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Supplemental CBD for Dogs with Cushing’s Disease

Cushing's Disease is a condition that affects the way your dog's body produces hormones. It occurs when there are too many corticosteroids in the bloodstream, which can lead to many different symptoms and complications. 

If you're looking for alternative treatments for Cushing's, CBD oil for dogs may be helpful. Let’s explore natural remedies for Cushing’s Disease in dogs. 

What is Cushing's Disease in dogs?

Cushing’s Disease occurs when there is an excess production of cortisol from the pituitary gland (located at the base of your dog’s brain). The cause of this increased production is often a tumor on this gland called an adenoma or carcinoma. These tumors are usually benign (noncancerous), but they can become malignant (cancerous), especially if left untreated for long periods of time.

The clinical signs of Cushing's in dogs

Once this disease is detected, the symptoms will worsen over time. There are several signs to look for in your dog that may suggest Cushing's Disease:

  • Increased thirst and urination
  • Increased appetite
  • Increased panting/excessive breathing (also known as respiratory distress)
  • Weight gain despite a normal diet and exercise routine (this can happen after treatment begins or even during)

What causes Cushing's Disease in dogs?

Cushing’s Disease is caused by the dog’s body producing too much cortisol, a hormone that helps control blood sugar, immune function, and inflammation.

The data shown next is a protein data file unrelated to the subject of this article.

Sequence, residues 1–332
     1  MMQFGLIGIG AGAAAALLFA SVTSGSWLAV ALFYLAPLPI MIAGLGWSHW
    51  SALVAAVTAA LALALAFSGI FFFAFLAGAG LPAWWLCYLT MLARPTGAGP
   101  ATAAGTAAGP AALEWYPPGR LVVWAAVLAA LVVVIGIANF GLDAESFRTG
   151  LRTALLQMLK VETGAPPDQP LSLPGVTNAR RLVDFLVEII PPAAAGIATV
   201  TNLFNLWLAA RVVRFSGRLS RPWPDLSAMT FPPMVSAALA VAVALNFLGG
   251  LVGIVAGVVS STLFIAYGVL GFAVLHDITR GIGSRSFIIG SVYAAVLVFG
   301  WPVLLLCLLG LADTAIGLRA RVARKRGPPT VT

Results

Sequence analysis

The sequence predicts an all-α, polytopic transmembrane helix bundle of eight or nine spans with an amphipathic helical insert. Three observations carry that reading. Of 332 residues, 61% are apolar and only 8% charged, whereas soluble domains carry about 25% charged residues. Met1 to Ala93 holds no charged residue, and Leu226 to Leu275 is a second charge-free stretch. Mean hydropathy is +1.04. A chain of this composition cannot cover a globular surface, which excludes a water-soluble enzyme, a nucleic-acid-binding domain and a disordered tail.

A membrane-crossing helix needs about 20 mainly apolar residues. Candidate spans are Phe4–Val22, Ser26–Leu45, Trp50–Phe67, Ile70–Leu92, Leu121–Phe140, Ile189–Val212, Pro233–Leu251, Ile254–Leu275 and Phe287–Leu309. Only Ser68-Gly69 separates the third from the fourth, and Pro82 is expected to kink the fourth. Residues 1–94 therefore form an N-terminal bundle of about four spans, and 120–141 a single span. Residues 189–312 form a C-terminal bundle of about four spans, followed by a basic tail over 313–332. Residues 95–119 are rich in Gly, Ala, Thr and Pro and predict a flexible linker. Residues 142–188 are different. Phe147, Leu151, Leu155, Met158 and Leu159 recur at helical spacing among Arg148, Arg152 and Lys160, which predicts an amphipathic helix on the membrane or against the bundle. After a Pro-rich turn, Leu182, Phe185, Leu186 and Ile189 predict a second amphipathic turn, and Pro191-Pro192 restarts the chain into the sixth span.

The exact cause of Cushing's Disease in dogs is unknown, but it's more common in dogs over 7 years old. It's also more common in female dogs than in males and can be inherited by the offspring of a close family member who has the condition.

Diagnosing canine Cushing's Disease

Diagnosing Cushing's Disease can be challenging. There are few definitive tests for this disease, so veterinarians must rely on a combination of diagnostic tools to reach a diagnosis.

The first step in diagnosing Cushing's Disease is ruling out other possible causes for the symptoms. A complete blood count (CBC) and biochemistry profile will be important in eliminating other conditions that may mimic Cushing's Disease. A urinalysis may also be performed to check for infection or kidney disease.

Diagnostic imaging is used to look for enlarged adrenal glands and assess the severity of fat deposits in the abdomen and elsewhere in the body. X-rays, CT scans, and MRI scans can reveal whether there is an adrenal tumor present and its size. Most dogs diagnosed with Cushing's Disease have a tumor on one side only; bilateral adrenal tumors are rarer but do occur occasionally.

If your veterinarian suspects that your dog has Cushing's Disease, they will also conduct a thorough physical examination to look for signs of the condition: increased skin pigmentation around the face, ears, and genital area; thinning hair coat; muscle wastage; and unnecessary thirstiness or increased urination are all common signs of Cushing's.

Treating Cushing's in dogs

There are many treatments for Cushing's Disease in dogs. These include:

  • Medications. A veterinarian may prescribe a medication to suppress the overproduction of cortisol. The medication may come in the form of an injection or pill, and it can help reduce symptoms and enable your dog to live longer.